A public health intervention that doesn’t place sole blame on the parents or isolate obese children should reflect the socioecological reasons behind parental child feeding behaviour.

Author Biographies:

Matthew Wood is principal lecturer in marketing at Brighton Business School, where he is head of the
marketing subject group. He has presented papers and keynote speeches at leading marketing conferences
and regularly publishes work in social marketing, health and medical journals.

Paurav Shukla is professor of marketing at Southampton Business School, where he is head of digital
and data driven management department. He has written in the area of customer expectations and
consumption experiences, luxury marketing and branding, public health, international marketing and
SME management in international journals.


[1] Wood and Shukla 2019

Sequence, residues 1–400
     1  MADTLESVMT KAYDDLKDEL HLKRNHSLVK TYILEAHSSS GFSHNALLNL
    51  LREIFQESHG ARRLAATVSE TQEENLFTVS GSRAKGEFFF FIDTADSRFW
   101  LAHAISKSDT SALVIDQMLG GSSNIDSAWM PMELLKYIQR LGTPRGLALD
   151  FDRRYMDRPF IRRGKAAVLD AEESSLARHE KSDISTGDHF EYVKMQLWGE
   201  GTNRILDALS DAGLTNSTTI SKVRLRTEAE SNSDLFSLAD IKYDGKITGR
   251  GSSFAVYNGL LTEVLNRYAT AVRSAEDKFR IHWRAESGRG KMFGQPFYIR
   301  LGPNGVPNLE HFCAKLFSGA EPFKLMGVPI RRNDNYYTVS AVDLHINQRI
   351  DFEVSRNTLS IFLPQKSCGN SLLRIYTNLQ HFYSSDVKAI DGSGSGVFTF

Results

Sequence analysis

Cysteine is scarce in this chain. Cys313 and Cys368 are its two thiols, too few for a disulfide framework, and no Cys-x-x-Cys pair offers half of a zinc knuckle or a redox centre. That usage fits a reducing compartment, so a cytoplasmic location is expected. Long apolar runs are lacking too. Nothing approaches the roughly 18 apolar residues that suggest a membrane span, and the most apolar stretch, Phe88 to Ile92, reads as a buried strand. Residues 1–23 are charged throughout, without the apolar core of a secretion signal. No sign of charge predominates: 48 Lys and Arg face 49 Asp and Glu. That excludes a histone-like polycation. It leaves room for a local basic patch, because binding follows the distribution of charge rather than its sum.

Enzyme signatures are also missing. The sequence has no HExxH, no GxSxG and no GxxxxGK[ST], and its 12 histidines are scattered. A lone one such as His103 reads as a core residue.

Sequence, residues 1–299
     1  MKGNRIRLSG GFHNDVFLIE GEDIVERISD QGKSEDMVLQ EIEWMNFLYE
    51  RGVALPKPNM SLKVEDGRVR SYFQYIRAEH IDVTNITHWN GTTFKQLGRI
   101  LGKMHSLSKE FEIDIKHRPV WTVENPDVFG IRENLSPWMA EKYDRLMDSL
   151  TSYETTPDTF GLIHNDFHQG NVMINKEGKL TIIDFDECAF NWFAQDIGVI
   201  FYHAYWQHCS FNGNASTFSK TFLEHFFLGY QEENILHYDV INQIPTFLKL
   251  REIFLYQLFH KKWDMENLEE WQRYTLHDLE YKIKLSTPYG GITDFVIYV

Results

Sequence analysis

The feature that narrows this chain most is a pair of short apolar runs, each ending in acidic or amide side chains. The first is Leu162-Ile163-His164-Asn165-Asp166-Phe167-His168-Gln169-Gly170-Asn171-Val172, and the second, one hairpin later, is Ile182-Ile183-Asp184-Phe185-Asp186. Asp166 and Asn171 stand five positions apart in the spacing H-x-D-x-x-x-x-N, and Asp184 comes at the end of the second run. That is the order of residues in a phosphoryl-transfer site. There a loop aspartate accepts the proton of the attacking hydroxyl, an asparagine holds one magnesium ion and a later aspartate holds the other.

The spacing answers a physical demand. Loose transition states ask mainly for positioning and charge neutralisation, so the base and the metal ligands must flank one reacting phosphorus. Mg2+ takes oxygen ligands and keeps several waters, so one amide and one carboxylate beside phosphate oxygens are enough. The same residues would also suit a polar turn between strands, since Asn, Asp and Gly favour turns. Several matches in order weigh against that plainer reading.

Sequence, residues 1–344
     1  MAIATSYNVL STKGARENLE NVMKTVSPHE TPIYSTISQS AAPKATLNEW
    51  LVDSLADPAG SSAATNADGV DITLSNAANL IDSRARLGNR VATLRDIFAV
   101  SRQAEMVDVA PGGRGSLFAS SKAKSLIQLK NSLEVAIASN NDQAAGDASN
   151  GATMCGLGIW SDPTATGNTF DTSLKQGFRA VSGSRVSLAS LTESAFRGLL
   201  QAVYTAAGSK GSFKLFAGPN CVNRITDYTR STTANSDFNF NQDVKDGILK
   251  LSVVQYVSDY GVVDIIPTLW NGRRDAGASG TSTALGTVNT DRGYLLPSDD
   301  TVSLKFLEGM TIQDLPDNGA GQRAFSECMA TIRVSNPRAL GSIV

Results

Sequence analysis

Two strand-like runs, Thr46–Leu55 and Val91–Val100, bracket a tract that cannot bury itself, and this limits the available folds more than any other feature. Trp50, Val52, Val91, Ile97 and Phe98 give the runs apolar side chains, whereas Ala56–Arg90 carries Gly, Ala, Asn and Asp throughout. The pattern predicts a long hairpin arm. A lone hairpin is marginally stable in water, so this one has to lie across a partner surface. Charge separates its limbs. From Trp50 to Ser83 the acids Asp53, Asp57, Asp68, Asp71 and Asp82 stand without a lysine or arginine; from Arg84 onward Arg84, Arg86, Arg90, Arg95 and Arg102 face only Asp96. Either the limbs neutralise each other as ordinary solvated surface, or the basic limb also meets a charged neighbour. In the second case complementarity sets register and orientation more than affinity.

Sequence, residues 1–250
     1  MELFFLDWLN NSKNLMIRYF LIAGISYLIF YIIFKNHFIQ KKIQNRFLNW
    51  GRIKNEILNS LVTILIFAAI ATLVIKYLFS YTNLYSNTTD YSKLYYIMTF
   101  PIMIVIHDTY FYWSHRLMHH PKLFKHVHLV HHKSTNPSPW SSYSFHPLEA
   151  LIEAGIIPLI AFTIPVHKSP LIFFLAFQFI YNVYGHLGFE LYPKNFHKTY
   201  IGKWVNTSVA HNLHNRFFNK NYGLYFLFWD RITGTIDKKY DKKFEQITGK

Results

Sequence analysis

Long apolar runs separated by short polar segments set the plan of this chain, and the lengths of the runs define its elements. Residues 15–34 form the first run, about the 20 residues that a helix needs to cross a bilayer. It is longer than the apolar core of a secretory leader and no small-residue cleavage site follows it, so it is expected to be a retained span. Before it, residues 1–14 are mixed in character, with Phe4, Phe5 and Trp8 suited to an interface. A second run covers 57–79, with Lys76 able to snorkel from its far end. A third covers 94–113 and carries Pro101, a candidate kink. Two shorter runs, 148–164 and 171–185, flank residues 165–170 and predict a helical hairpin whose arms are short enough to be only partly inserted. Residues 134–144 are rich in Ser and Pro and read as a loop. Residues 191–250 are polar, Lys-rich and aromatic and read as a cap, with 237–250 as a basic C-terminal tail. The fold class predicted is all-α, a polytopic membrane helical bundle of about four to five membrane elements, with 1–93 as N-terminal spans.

[2] Wood 2018

[3] Place, Reynold, Cousins, and O’Neill 2002

[4] Masten & Coatsworth, 1998.

[5] Fan, Pandya-Lorch, & Yosef, 2014

[6] Twiddy, Wilson, Bryant, and Rudolf 2012

[7] (Birch and Davison, 2001; Stewart-Knox, Duffy and Bunting, 2012; Walker Lowry, Sallinen, & Janicke, 2007

[8] Danielzik, Czerwinski-Mast, Langna¨se, & Mu¨ller, 2004

[9] Ball et al 2002

[10] Ungar, 2008; Wood, 2018

[11] Croker et al., 2012; DOH, 2010

[12] DOH 2010 

[13] Birch & Fisher, 1998

[14] Ventura & Birch, 2008

[15] Danielzik, Czerwinski-Mast, Langna¨se, & Mu¨ller, 2004

[16] Hubbs-Tait, Kennedy, Page, Topham, & Harrist, 2008

[17] Rhee, Lumeng, Appugliese, Kaciroti, and Bradley 2006

[18] Pearson, Atkin, Biddle, Gorley, & Edwardson, 2010

[19] Fruh, Fulkerson, Mulekar, Kendrick, & Clanton, 2011

[20] Hammons & Fiese, 2011

[21] McMillan and Reed, 1993; Broyles, 2005; Nygren et al., 2005; Hardy, Concato, & Gill, 2004

[22] Wagnild 2009 and Wagnild and Young 1993

[23] Wagnild and Young’s 1993

[24] Hubbs-Tait et al., 2008

[25] Cullen et al. 2000

[26] Shaw, McMaster, & Newholm, 2015.

[27] Wood & Shukla, 2016.

[28] Wood and Shukla 2016

[29] Wood and Shukla’s 2016

[30] Ball et al., 2012

[31] Twiddy, Wilson, Bryant, & Rudolf, 2012

[32] Wood and Shukla 2019